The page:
Although the term predates Trump's usage, on Sunday it received more than two million tweets - further evidence of the power of the president's social media platform.
|Photo on the Twitter|
The new spike in its traffic began early Sunday in the US, and about 86% of that was in the form of retweets, suggesting there was some degree of coordination. But there was no evidence of botnets being involved.The hashtag had been in use in obscure and fringe right-wing circles for a while, particularly amongst a minority of MAGA and QAnon users, but it never went beyond those small circles.
Do Trump's accusations against Obama have any merit?
The president has long viewed the entirety of the investigation into Russian efforts to meddle in the 2016 US election as an attempt to undermine the legitimacy of his presidency.
As evidence emerged that some of the FBI Russia-probe team privately expressed criticism of Trump as a presidential candidate, he has felt validated.
These views have been further compounded as former FBI Director James Comey, former Director of National Intelligence James Clapper and now Obama himself have all roundly criticised Trump, his policies and his presidency.
In the latter months of 2016, the US government was receiving increasingly dire warnings from its intelligence agencies of Russian efforts to disrupt the 2016 presidential election - efforts that the Robert Mueller special counsel investigation further detailed.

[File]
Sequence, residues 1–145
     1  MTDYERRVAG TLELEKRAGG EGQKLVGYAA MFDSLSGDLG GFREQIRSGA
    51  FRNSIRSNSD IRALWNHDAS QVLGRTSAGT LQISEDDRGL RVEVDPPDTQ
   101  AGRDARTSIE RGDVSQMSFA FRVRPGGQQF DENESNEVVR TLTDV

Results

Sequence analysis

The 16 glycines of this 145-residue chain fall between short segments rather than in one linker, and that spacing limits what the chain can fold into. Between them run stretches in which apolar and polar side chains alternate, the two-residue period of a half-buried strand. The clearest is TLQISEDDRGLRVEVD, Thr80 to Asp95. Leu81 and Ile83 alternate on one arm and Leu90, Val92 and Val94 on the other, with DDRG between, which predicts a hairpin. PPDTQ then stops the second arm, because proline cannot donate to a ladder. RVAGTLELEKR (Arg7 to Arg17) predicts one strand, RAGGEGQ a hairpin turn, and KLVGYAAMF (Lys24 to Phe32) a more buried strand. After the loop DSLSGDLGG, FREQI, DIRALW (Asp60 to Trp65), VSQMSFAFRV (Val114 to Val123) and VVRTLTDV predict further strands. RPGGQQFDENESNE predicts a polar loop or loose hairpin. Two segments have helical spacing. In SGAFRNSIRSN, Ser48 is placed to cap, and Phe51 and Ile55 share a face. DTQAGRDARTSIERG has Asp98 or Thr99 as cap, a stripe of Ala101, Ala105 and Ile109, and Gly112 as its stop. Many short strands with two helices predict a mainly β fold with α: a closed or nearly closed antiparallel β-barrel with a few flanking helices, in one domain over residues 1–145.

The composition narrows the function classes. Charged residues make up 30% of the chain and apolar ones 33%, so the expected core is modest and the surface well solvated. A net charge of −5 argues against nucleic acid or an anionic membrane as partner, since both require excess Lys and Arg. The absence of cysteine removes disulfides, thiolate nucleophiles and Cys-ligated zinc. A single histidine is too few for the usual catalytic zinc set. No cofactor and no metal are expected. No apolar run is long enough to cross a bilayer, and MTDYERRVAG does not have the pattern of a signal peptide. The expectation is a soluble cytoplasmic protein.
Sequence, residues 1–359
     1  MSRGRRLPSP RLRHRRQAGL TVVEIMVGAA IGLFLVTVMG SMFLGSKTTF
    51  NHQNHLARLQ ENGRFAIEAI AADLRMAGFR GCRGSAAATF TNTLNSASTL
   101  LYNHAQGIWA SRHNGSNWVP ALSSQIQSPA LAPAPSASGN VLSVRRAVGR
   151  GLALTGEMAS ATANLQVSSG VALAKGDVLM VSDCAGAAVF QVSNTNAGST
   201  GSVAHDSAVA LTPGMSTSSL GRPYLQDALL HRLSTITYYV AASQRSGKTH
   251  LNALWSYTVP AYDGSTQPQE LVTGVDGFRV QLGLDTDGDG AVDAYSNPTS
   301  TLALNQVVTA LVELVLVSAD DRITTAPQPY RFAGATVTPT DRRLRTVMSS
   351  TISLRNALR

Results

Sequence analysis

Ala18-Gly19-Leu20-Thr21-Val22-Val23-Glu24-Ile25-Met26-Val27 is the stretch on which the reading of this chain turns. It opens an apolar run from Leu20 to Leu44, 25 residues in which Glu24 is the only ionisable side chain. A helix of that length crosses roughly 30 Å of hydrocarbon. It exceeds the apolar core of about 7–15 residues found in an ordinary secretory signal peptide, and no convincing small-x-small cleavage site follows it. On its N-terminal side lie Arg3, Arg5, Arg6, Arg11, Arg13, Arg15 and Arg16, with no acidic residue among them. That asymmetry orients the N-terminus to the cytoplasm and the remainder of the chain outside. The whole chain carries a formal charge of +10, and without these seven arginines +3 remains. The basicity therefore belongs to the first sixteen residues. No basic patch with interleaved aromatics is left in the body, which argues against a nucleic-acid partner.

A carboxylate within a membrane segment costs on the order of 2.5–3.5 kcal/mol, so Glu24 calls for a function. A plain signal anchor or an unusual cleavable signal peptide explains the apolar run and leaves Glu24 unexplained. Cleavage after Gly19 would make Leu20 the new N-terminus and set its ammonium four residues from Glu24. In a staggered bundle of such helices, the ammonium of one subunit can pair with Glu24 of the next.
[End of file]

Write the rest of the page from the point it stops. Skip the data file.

He also unearthed evidence of contact between members of the Trump campaign and Russian nationals. The FBI counter-intelligence investigation was initiated to probe these contacts and activities.
Obama-era officials in the intelligence community, the FBI and the White House continue to view the actions they took based on this evidence as fully justified.
Trump and his supporters only see their assertions and indignity as further evidence of wrongdoing and cover-up.
"I wouldn't be surprised if you see a lot of things happen over the next number of weeks," Trump said in the Oval Office on Thursday after learning of the Flynn news.
The acrimony in the fight over Flynn could be just getting started.
Flynn was fired from his role as as national security adviser in early 2017 for lying to the FBI about his conversations with the Russian ambassador before Trump’s inauguration.
Obama’s alleged comments on the matter appear to have riled the president, who tweeted that his Democrat nemesis had committed “the biggest political crime in American history, by far!”
Obama also said the response to the coronavirus pandemic had been “an absolute chaotic disaster”.